Among Herbert's productions were: The Kitchen, Happy Days and Home (starring Ralph Richardson and John Gielgud) at the Royal Court; Laurence Olivier's Othello and Early Days (starring Ralph Richardson) at the National Theatre, London; The Seagull (starring Vanessa Redgrave and Peggy Ashcroft) in the West End, London. From 1967 she also designed for the opera. Herbert's first design for opera was for Sadler's Wells. She later worked at the Paris Opera House and the Metropolitan Opera, New York. Her last opera was Harrison Birtwistle's The Mask of Orpheus at the Coliseum in 1986.

Cinema work

In addition to stage work Herbert also designed for the cinema, where she worked as production or costume designer. Her film work began in 1961 with Tony Richardson's Tom Jones and she worked with him again on Ned Kelly (1970) and Hotel New Hampshire (1983). For Karel Reisz she designed Isadora (1968), and films with Lindsay Anderson included If…. (1968), O Lucky Man! (1973) and The Whales of August (1987).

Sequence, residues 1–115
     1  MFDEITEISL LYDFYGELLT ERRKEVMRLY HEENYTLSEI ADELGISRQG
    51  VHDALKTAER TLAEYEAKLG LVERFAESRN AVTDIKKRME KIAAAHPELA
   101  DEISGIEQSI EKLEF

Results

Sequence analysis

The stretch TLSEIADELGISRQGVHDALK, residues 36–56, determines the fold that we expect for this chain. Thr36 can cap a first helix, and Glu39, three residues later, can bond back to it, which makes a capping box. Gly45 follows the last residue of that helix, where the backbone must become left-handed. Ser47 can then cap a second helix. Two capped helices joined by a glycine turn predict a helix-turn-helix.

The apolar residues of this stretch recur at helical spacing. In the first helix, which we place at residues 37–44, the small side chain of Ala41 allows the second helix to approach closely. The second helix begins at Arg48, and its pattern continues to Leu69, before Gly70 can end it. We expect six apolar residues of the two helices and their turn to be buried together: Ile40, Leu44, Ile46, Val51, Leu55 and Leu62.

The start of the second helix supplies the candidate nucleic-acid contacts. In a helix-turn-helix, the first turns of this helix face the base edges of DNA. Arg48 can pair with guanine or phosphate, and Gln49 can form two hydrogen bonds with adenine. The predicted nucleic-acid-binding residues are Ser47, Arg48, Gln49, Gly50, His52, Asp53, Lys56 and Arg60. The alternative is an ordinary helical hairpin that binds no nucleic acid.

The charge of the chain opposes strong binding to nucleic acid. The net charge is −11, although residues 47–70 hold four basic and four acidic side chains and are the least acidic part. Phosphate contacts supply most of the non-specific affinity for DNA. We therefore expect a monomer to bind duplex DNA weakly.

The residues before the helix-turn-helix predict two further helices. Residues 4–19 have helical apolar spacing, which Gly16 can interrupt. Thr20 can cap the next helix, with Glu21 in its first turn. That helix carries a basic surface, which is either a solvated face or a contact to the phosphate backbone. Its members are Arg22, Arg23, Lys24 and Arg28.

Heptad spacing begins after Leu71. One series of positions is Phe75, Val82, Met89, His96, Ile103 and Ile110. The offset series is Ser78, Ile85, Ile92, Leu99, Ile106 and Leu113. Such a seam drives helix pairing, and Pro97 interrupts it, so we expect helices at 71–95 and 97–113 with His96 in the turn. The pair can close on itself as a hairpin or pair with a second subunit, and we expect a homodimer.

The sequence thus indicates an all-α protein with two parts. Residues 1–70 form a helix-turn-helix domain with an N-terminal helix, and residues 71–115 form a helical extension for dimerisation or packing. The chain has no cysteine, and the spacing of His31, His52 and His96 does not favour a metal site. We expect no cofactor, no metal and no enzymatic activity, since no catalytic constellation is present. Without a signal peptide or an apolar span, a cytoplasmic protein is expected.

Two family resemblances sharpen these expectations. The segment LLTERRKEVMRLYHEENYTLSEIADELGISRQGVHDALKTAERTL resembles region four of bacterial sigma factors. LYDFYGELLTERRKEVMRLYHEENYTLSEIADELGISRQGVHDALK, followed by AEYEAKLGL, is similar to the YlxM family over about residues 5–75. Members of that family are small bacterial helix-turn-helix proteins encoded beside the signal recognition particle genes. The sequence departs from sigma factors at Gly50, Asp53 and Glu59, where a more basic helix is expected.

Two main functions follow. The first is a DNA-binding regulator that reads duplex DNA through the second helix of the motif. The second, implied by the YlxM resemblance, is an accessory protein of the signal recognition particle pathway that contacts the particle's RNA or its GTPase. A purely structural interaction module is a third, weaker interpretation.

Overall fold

Personal life

Herbert had one marriage, to Anthony Lousada. They had four children — Sandra (who gained fame as a portrait photographer), Jenny, and twins Julian and Olivia. The family were neighbours of George and Sophie Devine, on Lower Mall in Hammersmith, London. A love affair developed between Jocelyn and George — love letters were discovered by George's daughter Harriet[1], and in due course they abandoned their families and moved into studios in Flood Street, Chelsea, together. They never married, but Devine willed his estate to her.

Herbert's legacy